Posted by Emma Heseltine on Sep 19, 2011 - Kensington & Chelsea Chronicle
The shop in Blenheim Crescent, made famous by the 1999 Hugh Grant and Julia Roberts film, Notting Hill, closed at the end of August after three months on the market.
And despite a campaign to save it by residents and writers, the premises was bought out this week by budget store Book Warehouse.
"In fact they have not rescued it, they are destroying it. They are turning this special, quirky, spirited independent bookshop into a junk shop."
With the help of fellow poet Simon Barraclough, Ms Cole gained the support of Hollywood actor Alec Baldwin, who also starred in the movie, and hundreds of volunteers from around the world, who said they would staff the shop for free if a buyer could be found.
And when family-run Book Warehouse was revealed as the winning bidder for the shop, she launched a bid for ownership of the shop's name, in the hope it could be moved elsewhere.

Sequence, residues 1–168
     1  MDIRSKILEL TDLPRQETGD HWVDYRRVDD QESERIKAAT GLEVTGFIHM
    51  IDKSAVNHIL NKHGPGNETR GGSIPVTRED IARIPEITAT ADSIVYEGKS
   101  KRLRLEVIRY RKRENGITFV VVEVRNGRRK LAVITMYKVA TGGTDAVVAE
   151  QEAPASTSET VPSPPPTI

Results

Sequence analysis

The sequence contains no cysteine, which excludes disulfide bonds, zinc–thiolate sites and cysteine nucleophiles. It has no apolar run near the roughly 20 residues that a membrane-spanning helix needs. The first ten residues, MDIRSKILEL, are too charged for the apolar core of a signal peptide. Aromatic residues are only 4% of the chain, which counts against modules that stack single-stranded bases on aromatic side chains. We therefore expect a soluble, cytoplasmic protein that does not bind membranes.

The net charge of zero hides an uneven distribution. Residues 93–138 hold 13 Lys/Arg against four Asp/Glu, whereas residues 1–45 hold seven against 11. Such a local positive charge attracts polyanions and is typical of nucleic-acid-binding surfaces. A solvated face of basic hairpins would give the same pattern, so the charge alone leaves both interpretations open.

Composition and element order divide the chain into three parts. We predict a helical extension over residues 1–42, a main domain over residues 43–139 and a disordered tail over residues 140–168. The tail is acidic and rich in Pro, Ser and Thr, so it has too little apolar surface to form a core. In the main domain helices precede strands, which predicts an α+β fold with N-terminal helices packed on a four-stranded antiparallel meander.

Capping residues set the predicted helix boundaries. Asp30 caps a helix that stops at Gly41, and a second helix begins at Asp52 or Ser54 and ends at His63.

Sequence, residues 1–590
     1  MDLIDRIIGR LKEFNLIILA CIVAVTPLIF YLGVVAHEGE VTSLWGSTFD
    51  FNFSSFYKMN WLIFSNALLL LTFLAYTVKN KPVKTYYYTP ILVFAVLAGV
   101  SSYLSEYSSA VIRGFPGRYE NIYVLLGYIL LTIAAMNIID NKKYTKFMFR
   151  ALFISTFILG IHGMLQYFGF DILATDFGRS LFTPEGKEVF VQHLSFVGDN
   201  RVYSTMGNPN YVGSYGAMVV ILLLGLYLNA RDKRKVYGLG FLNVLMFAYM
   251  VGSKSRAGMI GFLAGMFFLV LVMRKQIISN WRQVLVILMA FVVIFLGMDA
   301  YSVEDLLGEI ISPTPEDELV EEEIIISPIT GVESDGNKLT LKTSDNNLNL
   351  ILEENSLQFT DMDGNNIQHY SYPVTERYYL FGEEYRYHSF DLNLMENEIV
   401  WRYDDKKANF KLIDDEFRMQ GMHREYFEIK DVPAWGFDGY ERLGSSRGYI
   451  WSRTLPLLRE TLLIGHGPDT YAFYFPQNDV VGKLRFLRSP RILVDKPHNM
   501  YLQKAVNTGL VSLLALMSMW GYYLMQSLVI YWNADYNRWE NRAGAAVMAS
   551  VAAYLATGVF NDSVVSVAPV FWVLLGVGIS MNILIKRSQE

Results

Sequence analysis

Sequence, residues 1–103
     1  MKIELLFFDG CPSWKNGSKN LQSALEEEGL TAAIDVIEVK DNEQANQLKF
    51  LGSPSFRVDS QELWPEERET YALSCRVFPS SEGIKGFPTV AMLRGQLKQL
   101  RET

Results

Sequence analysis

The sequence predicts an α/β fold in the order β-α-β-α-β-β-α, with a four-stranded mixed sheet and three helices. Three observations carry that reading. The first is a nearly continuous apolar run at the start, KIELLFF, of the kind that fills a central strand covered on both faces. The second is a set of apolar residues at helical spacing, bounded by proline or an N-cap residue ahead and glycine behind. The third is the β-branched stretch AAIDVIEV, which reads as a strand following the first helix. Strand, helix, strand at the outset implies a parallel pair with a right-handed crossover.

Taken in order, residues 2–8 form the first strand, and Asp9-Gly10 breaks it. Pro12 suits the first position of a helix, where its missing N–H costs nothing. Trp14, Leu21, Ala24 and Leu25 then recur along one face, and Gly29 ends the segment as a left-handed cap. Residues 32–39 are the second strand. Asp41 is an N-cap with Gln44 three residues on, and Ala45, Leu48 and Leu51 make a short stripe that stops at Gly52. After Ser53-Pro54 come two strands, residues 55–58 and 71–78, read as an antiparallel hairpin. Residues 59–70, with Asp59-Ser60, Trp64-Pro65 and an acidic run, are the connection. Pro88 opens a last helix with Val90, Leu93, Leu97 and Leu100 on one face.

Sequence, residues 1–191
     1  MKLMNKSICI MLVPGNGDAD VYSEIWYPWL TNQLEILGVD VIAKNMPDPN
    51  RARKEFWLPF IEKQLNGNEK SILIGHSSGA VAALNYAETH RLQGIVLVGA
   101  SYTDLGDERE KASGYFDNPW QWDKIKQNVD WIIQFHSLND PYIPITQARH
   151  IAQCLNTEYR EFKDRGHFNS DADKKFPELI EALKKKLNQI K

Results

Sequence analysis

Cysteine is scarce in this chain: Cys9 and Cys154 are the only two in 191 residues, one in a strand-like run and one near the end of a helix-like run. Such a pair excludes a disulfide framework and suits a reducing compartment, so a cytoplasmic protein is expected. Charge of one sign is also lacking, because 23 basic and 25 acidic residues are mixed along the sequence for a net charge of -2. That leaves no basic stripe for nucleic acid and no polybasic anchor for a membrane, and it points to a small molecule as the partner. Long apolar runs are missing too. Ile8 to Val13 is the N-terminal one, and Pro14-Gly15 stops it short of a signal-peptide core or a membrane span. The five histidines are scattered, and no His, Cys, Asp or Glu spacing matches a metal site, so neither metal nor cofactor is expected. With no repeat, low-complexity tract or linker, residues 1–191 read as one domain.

The poet asked Twitter followers to pledge any amount in an attempt to raise £10,000 to bid for the Travel Bookshop name.
But on Monday (19) it was revealed that European Enterprises, an investment company had won the rights to the name, although their plans are unclear.
The Book Warehouse has said it will try and preserve the memory of the Travel Bookshop at the site in Blenheim Crescent.
Its managing directory, James Malin, said: "We will continue selling books in the same traditional manner as the Travel Bookshop from these famous premises, and will offer not only travel books, but a much larger range of books and gifts from the shop - and at very competitive and reduced prices.
"Sadly bookselling has become an endangered profession, but we are doing our best to preserve the art.
"We hope the Notting Hill community and tourists from around the world will continue to support us."
Due to its location just off Portobello Road, rent for the shop was around £43,000 a year.
The former owner of the Travel Bookshop, Simon Gaul, put it on the market in May after 32 years, as his children were not interested in taking the business on from him when he retires